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     Volume 4 Issue 3 | July 9, 2004 |


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The Stomach's trip to Japan

Samdado is attracting hungry Dhakaites with their authentic Japanese and Korean cuisine

Faizul A Tanim

If you haven't had Japanese food before, this is your opportunity. Samdado is the only eatery in Dhaka serving authentic Japanese dishes and some Korean food as well. Most Japanese food they serve, ingredient-wise, may not surprise the Dhakaites. However, be ready to gulp down items that are high on taste but low on spice. At Samdado, everything comes with a bona fide Far Eastern signature. There is a lot of recipes that use white rice and seaweed mixed with soy sauce, healthy diet to appease one's appetite.

Samdado, the island of three rocks, as explained by the owner and chief chef Chris Lee, is Japan brought closer to the Bengali stomach. It is a nicely decorated cosy eatery with traditional rice paper windows, skin coloured tables and chairs, interesting artworks and wall hangings. Together with the lighting the restaurant gives a formal yet relaxing atmosphere. The all-spreading gleam is reassuringly oriental in ambience.

They have the first of its kind ‘sushi bar', "specifically meant for single food connoisseur who is to sit alone and enjoy the opportunity to place order directly to the chef, adding to the already existing friendly environment orchestrated by a cheerful staff," as Chris puts it.

My favourite was the cucumber and mixed fresh vegetable salad with dressing. Beware though; it comes in tiny little containers, so you might not resist the temptation to order for two. The kimchi -- Korean pickle adds extra taste to the salad.

There's beef and chicken, fully cooked, with teriyaki and soy sauce. And 'yes', and there is of course the ‘killer sushi' served on wooden platter. This is usually raw fish and is ready to take your Bengali breath away. If you want to get started with sushi, it is better to go easy on your taste buds by ordering shrimp or salmon. They are cooked. There are also sushi rolls, which are just made of vegetables rolled around seaweed and rice -- the taste is heavenly.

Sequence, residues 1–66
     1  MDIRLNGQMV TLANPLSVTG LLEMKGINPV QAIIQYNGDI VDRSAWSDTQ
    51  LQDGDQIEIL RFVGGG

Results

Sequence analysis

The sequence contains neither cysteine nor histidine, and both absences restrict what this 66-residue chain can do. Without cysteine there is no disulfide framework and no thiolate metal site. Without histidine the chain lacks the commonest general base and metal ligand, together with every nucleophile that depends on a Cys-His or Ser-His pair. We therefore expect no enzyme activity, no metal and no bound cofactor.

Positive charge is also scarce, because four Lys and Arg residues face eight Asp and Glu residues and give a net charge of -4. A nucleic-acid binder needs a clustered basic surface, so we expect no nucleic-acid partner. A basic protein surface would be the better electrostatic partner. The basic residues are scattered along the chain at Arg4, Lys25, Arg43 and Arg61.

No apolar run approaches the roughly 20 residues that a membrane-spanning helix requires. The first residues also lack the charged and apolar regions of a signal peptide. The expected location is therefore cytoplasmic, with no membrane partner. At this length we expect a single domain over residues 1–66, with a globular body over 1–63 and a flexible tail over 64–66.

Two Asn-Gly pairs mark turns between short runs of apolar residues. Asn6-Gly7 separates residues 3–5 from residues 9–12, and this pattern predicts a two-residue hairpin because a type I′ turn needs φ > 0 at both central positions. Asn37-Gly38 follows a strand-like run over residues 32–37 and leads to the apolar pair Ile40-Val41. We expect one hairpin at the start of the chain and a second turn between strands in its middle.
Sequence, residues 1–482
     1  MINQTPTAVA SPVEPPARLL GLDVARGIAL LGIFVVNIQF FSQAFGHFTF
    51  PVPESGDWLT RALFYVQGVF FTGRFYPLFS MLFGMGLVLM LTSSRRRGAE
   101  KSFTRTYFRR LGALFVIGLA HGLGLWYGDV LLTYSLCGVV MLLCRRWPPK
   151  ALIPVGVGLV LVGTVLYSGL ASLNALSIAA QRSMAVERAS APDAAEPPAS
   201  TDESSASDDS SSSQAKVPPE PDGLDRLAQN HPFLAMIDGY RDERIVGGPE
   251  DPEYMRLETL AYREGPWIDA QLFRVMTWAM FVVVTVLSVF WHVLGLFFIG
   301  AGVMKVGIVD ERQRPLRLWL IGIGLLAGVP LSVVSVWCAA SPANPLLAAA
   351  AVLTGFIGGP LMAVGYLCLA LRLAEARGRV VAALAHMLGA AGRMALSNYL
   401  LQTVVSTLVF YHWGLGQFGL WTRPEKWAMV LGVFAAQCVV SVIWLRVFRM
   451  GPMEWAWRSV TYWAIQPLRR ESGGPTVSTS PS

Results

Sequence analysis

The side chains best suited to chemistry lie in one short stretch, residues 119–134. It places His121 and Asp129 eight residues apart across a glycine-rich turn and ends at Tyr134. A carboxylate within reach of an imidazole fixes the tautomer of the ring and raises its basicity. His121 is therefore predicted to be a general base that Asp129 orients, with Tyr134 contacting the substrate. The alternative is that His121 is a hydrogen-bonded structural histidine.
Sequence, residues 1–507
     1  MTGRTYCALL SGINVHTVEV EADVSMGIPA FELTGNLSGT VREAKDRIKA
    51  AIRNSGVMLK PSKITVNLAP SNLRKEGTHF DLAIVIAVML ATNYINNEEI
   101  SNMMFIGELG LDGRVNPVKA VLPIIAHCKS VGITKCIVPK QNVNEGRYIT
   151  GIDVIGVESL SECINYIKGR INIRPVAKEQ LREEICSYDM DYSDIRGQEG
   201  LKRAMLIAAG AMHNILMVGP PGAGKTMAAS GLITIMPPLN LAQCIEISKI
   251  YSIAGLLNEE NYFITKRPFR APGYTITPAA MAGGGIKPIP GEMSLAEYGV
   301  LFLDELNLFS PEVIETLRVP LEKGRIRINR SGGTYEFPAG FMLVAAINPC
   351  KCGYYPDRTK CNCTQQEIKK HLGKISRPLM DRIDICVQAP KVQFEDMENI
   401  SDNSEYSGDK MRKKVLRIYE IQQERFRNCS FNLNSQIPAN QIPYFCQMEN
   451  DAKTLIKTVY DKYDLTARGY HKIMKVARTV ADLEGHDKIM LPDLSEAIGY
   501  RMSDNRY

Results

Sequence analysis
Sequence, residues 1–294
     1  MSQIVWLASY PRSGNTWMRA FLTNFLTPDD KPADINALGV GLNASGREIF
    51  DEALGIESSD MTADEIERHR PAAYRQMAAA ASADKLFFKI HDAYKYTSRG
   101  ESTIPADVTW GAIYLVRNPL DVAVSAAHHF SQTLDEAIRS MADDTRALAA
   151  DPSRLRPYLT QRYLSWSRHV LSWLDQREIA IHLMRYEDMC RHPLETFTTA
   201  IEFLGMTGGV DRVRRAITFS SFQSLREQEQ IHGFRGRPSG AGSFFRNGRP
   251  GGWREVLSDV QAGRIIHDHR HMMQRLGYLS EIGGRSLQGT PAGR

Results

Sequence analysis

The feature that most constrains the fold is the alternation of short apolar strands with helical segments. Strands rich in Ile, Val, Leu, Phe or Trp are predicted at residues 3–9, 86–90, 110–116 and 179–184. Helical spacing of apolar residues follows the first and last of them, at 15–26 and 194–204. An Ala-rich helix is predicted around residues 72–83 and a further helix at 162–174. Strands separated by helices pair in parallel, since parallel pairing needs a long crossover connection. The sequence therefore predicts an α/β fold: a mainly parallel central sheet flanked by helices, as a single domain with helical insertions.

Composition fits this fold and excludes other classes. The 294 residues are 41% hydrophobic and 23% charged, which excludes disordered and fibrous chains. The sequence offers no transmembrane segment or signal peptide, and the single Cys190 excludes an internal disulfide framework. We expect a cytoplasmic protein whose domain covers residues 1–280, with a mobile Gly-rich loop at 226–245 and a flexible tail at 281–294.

"The fishes used for the sushi has to be brought from Thailand, Korea, and Japan to maintain the quality and that causes the price to shoot up," says a smiling Chris.
Apart from these courses, one can also lose oneself into a pot of ‘soup miso'--a very popular soup among Japanese. To the locals, its flavour is more akin to the illustrious flavours of shutki. With countless vegetables, bean curd and leaves, the soup is certainly a prize for the fitness buff.

"A lot of customers coming in on a daily basis, prefer our Korean cookery as well. Korean mixed rice (bibimpab), boiled and grilled beef and vegetable (bulgogi) along with steamed duck in herbal seeds (orijjim) suits the local taste," asserts Chris.

Finally, the deserts: the sweet rice cake (mochi); green tea icecream and fruit yogurt icecream are prepared by the Chef himself and they are his own concoction.

The menu at Samdado changes every four months. The idea is to serve dishes that are well keyed with the seasons. Chris loves to prepare items out of fresh available products, for which sometime different sorts of vegetable preparations and fishes becomes a springboard.

The place boasts of a string of loyal customers. "I am a regular customer of this place, absolutely love the décor and most importantly the FOOD!" says an enthusiastic Mr Thomson.

The restaurant kicked off in January 2003 and has definitely added a distinct colour to the spectrum of Dhaka's food culture.

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